And there you have it — the perfection of the socialist ideal of enforced equality.  Or so some would tell you.

[Update, 8 October 2009:   Recently, I learned that the noted human rights researcher David Hawk would be traveling to Seoul to interview North Korean refugees there.  I asked Mr. Hawk to seek out former residents of Hamhung to confirm that the objects I’d identified as graves really were graves.  One witness reported that he’d recently been to the location shown in the next three images below and reported that he saw only orchards, not graves.  On further examination, I suspect he may be right.  As a result, I am no longer confident that all of the images in that post show graves, and that raises similar questions about the images in the July update to this post, above.  Given the challenges of revealing what North Korea doesn’t want us to discuss at all, I can only follow the best evidence available to me.  I will continue to seek out North Koreans to confirm what these images show and update this post as I learn more.]


  1. I initially thought the same thing about the Mangyongbong-92, but this is not it. I have actually been to this port, and the Mangyongbong-92 docks at the pier just to the right of the ship pictured above…at the big “T” shaped pier in front of the monument.

  2. Any characteristics of the ship itself you can distinguish? It’s very hard to believe there could be that many other boats of this size, and the pictures do seem the same.

  3. My compliments for your search. I found another military airport you don’t know, I think. It is located at 39°59’52” N and 127°36’60”E degree, in the valley north the city of Hamhung. It is possible to count almost 7 plus another 12 mig 21 near the tarmac (probably wrecks), 23 well-conditions mig 21 at the south end of the airfield, plus 6 mig 19 near the mig21 and, notably, another 2 mig 21 near a door for a subterranean hangar, plus two semi-circular camouflaged access to the hill near the airfield.

    Bye, Luigi

  4. Stop using North Korea as an excuse to take cheat shots at socialism. I don’t think you really believe what NK had built is anything remotely close to socialism.

  5. Just a question:

    Couldn’t the graveyards in the mountains be “historical”, in the sense that that is where Koreans bury thier dead? (i.e. like Philipines?). Just curious because I was wondering if perhaps you were suggesting that the burial sites are ALL recent (i.e. 10 years)?


  6. Of course it’s possible, as I say in the post. Proof that these are famine victims would require witness corroboration. On the other hand, it would still be an aberration. One does not see such a concentration of graves in other regions of North Korea, and certainly not in South Korea.

  7. Jonathan, using North Korea to criticise socialism is cheap. I’m talking about reality on the ground, not the ideology that the regime pays lip service to. In socialism, everyone works for the common good; in North Korea, everyone works for the good of Kim Jong Il. In socialism, the wealthy generated by the people are redistributed to the people; in North Korea, the wealth is funnelled to the ruling class. What the Kims have built doesn’t even qualify as feudalism, since in feudalism it is in the interest of the landlords to keep the serfs fed and productive, and after paying a share of their produce in taxes, the serfs could do what they wanted with what remained. North Korea is most reminiscent of the slave societies of antiquity, where the rulers were also exalted as living gods. You can argue that any attempt at socialism inevitably devolves into slave society, but I don’t think that has to be the case.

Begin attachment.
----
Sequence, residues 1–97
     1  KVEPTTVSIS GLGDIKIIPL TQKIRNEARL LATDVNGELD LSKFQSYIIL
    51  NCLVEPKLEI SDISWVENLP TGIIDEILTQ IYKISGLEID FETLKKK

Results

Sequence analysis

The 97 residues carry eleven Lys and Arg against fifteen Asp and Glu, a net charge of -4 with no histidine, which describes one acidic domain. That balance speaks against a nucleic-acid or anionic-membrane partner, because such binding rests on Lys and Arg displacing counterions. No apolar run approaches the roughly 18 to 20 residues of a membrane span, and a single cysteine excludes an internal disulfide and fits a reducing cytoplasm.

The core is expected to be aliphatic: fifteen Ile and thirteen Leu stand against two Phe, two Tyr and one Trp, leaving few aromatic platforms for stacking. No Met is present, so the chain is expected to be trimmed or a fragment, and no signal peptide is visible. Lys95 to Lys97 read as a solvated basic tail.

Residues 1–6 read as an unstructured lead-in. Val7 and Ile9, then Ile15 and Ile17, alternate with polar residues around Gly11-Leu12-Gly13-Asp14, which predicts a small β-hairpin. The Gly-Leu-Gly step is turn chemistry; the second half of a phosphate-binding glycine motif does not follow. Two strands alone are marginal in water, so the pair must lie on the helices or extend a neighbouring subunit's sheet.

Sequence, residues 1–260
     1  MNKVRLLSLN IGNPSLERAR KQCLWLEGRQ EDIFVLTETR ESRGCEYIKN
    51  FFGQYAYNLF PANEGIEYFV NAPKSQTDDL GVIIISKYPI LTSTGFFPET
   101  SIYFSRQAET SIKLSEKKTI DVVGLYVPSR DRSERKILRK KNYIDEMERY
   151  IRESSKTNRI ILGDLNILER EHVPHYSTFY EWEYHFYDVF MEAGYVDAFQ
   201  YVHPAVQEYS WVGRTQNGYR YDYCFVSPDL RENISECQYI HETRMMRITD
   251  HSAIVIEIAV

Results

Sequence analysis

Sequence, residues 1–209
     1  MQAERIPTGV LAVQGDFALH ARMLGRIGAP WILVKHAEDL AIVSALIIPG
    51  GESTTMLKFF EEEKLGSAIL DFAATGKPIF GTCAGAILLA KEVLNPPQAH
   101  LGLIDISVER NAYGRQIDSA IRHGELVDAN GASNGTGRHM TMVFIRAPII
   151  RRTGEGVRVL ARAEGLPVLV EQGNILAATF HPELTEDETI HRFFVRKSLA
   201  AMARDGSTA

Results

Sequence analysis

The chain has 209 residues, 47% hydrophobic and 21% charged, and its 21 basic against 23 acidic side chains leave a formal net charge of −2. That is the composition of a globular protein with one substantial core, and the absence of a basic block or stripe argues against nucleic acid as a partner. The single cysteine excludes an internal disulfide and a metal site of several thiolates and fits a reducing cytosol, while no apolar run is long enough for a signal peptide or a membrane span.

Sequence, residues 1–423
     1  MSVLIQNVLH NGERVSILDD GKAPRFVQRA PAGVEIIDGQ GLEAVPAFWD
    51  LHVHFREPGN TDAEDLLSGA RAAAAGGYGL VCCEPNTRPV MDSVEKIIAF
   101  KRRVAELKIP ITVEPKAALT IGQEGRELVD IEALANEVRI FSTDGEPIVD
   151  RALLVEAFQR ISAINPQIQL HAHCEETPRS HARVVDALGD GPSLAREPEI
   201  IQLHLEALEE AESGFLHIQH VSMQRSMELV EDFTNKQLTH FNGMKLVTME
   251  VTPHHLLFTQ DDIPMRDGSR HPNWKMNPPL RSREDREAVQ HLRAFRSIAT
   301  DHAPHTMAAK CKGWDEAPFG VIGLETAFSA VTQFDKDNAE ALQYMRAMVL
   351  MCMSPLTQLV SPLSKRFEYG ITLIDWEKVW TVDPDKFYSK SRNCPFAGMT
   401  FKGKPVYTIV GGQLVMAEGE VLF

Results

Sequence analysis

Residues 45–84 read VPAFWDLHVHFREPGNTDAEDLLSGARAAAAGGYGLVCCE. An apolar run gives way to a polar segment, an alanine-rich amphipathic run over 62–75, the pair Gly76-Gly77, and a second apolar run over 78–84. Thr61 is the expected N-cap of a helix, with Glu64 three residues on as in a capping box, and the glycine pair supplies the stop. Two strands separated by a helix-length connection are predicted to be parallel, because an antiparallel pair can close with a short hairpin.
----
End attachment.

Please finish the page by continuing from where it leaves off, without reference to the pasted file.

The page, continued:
8. Yu:

    Where on earth can we find this “reality on the ground” that you have described?

  9. Hey I think I found another one of Kim’s palaces in hungham. Its coordinates are Latitude 39.806 N and Longitude 127.6589 E. There are also wealthy subdivision thingys north of this palace

  10. anton – the last coordinates you posted look very interesting in Google Earth.
    39.8594 N, 127.7777 E.
    There appears to be a private train station, a private beach and a rather unusual looking modern palace with a dramatic foot bridge to a rock island overlooking the sea.

  11. What North Korea practices is not socialism, and it’s certainly not the inevitable end state of socialism (which is a broad ideology). Is North Korea’s government similar to Scandinavian or Canadian governments? Socialism is, quite simply, taking care of society above the individual. There are plenty of offshoots and divisions of socialism (communism and its varieties, for instance) that get confused with the core ideology. And of course that core concept can be corrupted, just like any other ideology can be and is corrupted. Socialist policy works best when put into practice via a truly democratic or republican government. That doesn’t mean that the ideology itself is flawed or broken. We *should* look at the world from a social rather than an individual perspective. Unfortunately, we have human nature to contend with, and it’s difficult to sustain any system – including democracy (200-year average lifespan) – no matter how good it looks on paper.